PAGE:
Turkey producers are in a better situation compared to egg producers. “The reason for that is they are an all-in, all-out system, and it’s easier to recover from that because you are not trying to stagger the ages of your poultry,” Parkinson says. Parkinson says this outbreak had some key factors that have made it different from anything else his company has studied.

“I guess the closest would probably be the PEDV (Porcine Epidemic Diarrhea Virus) outbreak in the hog industry about a year-and-a-half or two ago. The interesting thing about this one though, is how fast it spread,” Parkinson says. “Within a couple of months, the Iowa layer industry lost half the layers — and that is something I have never seen on that scale — an industry losing half of their birds in just two-to-three months.” He says the hog industry’s return from their outbreak should offer some hope to poultry producers.

“We saw that they were able to recover and the price of pork has come down from what it was two or three years ago. And that’s a bright spot with the price of eggs being where they are now. We can expect the price of eggs to be elevated for a period of time, but they will eventually come down,” according to Parkinson. You can see the full report on the Iowa Farm Bureau website.

Accidents on Iowa waterways about the same as last year, fewer fatalities

boating

Two people were thrown off their tube this past weekend when a rope broke as they were being pulled on the Mississippi River near Clinton.  One  suffered injuries when he hit some rocks.

Iowa Department of Natural Resources spokesman, Kevin Baskins, says they are still investigating to determine if excessive speed or some other factors were involved.

Baskins says it has been a busy boating season, and relatively safe. “We have had 32 boating or vessel incidents so far this year. Unfortunately three of them have resulted in fatalities. If you look at 2014, we had seven fatalities and 32 incidents. In 2013 we had three fatalities and 24 incidents,” Baskins says. “But we are down from some years — if you go back to 2005 — we actually had 77 incidents that year and 10 fatalities.”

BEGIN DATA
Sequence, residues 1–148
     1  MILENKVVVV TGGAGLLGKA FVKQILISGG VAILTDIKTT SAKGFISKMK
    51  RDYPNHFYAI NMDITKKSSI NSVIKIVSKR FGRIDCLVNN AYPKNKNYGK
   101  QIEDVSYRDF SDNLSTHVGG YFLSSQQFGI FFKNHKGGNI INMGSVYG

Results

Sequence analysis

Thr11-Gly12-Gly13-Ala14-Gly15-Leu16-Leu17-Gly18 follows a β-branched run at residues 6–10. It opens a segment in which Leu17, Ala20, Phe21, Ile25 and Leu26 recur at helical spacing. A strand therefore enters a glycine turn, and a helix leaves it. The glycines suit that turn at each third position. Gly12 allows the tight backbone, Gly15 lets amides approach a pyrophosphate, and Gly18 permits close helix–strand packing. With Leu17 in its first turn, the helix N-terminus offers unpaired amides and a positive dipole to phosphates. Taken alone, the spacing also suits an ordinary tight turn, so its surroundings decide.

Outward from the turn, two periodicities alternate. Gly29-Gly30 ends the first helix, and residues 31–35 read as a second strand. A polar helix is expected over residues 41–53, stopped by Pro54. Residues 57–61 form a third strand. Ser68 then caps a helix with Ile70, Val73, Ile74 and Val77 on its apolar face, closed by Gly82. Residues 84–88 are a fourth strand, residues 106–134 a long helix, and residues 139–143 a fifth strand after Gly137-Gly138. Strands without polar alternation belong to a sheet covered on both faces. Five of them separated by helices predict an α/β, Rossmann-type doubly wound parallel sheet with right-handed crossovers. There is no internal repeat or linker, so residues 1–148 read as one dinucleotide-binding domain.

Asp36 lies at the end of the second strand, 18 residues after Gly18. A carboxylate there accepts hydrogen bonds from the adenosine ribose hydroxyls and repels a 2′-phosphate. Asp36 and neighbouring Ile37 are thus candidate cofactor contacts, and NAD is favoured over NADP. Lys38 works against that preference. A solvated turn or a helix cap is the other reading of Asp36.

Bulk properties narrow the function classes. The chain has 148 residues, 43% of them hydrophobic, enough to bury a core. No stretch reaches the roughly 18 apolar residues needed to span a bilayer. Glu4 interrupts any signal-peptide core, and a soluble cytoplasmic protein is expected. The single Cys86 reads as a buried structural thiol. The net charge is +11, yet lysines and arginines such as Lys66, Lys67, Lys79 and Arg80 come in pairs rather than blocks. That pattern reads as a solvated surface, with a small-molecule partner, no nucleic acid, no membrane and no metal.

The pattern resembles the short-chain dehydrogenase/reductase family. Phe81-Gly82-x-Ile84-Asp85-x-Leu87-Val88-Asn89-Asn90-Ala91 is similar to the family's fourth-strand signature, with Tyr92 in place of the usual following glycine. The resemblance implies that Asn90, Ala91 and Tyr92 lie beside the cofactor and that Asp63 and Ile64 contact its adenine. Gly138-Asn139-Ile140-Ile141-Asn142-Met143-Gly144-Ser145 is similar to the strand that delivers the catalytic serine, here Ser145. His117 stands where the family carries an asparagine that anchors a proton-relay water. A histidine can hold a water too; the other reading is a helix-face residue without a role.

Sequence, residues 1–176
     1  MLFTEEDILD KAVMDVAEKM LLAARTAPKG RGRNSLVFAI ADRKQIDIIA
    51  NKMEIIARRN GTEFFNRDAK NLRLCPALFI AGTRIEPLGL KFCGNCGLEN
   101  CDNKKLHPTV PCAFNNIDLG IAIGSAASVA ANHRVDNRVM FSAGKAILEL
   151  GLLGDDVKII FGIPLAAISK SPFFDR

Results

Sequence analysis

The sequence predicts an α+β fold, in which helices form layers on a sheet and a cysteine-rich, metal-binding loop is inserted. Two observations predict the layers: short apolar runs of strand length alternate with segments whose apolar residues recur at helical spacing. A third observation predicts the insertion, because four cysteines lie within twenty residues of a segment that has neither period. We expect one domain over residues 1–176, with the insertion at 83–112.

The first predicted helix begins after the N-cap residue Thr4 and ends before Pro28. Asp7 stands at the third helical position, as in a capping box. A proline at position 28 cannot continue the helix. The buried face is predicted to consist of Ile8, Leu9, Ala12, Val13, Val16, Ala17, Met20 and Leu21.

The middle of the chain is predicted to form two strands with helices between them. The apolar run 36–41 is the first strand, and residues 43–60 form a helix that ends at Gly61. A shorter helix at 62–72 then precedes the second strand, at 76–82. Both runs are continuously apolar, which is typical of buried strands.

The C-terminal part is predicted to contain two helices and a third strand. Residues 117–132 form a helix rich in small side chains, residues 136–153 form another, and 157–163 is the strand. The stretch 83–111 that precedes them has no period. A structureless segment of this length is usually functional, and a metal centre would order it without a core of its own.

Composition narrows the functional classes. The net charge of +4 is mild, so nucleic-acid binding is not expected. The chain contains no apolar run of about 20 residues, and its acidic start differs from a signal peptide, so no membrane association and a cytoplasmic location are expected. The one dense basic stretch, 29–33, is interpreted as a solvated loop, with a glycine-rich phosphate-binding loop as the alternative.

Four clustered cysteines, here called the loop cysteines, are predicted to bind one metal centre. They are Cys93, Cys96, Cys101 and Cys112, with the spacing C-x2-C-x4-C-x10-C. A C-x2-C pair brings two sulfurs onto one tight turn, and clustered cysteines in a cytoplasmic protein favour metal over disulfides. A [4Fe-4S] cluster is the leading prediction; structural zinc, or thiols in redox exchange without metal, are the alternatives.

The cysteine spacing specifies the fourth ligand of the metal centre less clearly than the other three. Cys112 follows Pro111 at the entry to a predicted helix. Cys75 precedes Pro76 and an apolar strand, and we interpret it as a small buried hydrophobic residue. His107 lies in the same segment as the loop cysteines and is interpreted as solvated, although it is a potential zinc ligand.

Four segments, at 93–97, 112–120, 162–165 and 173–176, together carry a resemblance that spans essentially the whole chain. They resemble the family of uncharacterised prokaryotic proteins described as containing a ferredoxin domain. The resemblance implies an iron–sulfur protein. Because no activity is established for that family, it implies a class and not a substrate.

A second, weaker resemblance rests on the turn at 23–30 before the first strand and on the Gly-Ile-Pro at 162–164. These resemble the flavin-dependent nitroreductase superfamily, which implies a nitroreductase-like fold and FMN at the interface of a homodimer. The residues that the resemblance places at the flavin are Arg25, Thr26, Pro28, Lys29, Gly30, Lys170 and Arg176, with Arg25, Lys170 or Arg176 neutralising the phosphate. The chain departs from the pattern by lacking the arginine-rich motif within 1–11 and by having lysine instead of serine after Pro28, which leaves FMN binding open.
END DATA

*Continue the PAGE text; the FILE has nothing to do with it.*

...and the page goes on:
Baskins says one big key to preventing deaths in accidents on the water is something they talked about all the time. “The fact that everybody on board needs to have a proper fitting life jacket on. You never know when something is going to throw you in the water, and once that happens, it’s really too late to put on,” Baskins says. He says making sure you have enough distance and not going too fast is another safety tip.

Baskins says boaters also need to stay sober when they are driving the boat. “For instance, last year when we had seven fatalities on the water, 71 percent of those had alcohol related. You go back to 2013, it was 66 percent, 2012 it was 70 percent,” according to Baskins. “Certainly we are not saying people can’t have alcohol on the water. But they need to be conscious of how much they are having.”

There have been some heavy rains and high water at times this year, but Baskins says that hasn’t appeared to be a problem. “We haven’t had a lot of reports in terms of incidents of debris and hitting debris and stuff like that,” Baskins says. He says those are concerns you have with heavy rains, then you sometimes get debris washed into the water which can cause problems.

Baskins says 31-year-old Kurt Parker of Fulton, Illinois was the person injured in the accident Sunday on the Mississippi. Parker crashed into the shoreline after the tube’s tow rope broke and he was thrown on the shore and knocked unconscious. He was treated in Clinton for head injuries and later transferred to Iowa City where an injury report is not available.

 

Le Mars teen involved in fatal crash identified

Ambulance-genericPlymouth County authorities have now released the name of the victim in a fatal traffic accident Sunday near Le Mars. The accident victim has been identified as 16-year-old Zachary Rolfes of Le Mars.

Investigators say Rolfes crossed the centerline, and was hit by a semi truck and trailer. He was pronounced dead at the Floyd Valley Hospital in Le Mars. The driver of the semi, 43-year-old Jon Edwards of Sibley suffered only minor injuries.

(Reporting by Dennis Morrice, KLEM, Le Mars)

 

Teen from Le Mars dies in accident

Ambulance-genericA Le Mars 16-year-old was killed Sunday afternoon when his car collided with a semi near Le Mars. Apparently, the teen driver was driving a Honda Accord and was traveling north bound when the car swerved into the southbound lane of traffic and was struck by the truck.

The driver of the car was ejected from the vehicle and was transported to the Floyd Valley Hospital in Le Mars where he was pronounced dead. Authorities are still investigating the accident to determine as to why the driver lost control and entered the southbound lane of travel. The name of the teen driver is being withheld pending the notification of family members. The driver of the semi is identified as 43-year-old Jon Edwards of Sibley. He was taken to the Floyd Valley Hospital with minor injuries.

(Reporting by Dennis Morrice, KLEM, Le Mars)